If I was a complainer by nature, I would have all kinds of things to say about the heat index this past weekend. I’d tell you about how blistering it was outside, and how the sun was beating down in a manner that can only be described as oppressive. I might mention blazing temperatures, sweltering heat, or even throw in a comparative study of Nashville and the sun scorched dessert land of my choosing. Fortunately, I’m the picture of optimism so you won’t have to hear me ramble on about any of that …but I will say this. I spent my Saturday afternoon strolling around the Nashville Artisan Festival, fighting the heat in an effort to admire the boundless creativity of local artists. I won a few battles but the heat won the war, and I’m afraid I was forced to retreat to the air-conditioning faster than I’d hoped. In the short time before my defeat I was able to spot a few artists that appeared to be worth their weight in SPF100 Sunscreen. Here’s a little bit about my favorite three and a few samples of their work.
Alex Leopold is a self proclaimed former wannabe rock and roll star who, five years ago, found a new creative outlet in producing art. His bold color choices, organic subjects and embedded bits of words, songs and poems show traces of his musician past and make for really fascinating pieces. His work jumped out at me as original, creative, and just plain cool…but also as very beautiful.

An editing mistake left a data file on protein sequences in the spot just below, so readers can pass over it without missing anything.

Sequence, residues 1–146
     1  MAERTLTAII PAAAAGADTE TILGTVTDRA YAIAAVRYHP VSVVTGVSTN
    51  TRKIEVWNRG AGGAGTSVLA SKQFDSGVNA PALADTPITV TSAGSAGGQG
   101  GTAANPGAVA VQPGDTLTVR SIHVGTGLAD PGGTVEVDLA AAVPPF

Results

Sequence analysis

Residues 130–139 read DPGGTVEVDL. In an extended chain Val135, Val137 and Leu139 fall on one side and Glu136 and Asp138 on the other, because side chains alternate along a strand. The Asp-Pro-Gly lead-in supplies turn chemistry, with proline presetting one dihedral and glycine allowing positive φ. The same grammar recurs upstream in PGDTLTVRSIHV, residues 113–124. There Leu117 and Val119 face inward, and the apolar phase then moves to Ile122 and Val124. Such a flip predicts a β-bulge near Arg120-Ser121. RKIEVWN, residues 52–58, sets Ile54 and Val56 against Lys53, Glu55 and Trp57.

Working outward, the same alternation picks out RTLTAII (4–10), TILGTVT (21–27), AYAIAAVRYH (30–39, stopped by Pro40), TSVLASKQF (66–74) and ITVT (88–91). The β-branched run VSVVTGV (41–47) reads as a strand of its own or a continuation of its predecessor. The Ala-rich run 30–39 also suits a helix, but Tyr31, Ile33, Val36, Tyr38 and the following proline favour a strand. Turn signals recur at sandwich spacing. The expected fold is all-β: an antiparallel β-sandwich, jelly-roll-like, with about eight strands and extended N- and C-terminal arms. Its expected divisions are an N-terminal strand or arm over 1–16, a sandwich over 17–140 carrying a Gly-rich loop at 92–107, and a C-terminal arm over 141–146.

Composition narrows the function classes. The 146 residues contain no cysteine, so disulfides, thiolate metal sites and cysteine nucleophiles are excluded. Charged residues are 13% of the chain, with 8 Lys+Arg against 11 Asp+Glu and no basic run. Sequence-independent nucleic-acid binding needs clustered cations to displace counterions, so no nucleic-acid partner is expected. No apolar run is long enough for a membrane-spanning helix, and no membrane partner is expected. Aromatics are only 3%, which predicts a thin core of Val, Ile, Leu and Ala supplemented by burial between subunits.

Within three seconds of observing David Bigelow’s work several things are quite evident…1) He is incredibly talented and 2) He’s got a pretty hilarious sense of humor. Bigelow is an art professor at Evangel University who uses a somewhat laborious 500 year old etching technique to produce his works of art. His subjects typically include animals, vegetables and minerals with human-like qualities…a focus which could easily come off as tacky but, in his scholarly hands, instead highlights his razor sharp wit.
Jessica Stoddart is an accomplished second generation artisan whose university level training in sculpture and furniture design gives her sketches a unique edge. Each piece is made on a hand crafted wood canvas with a thin layer of paper (often antique dress patterns), covered by pastels, charcoals and oil paints. Despite the fact that she primarily chooses still life subjects, her work portrays a high concentration of depth and character.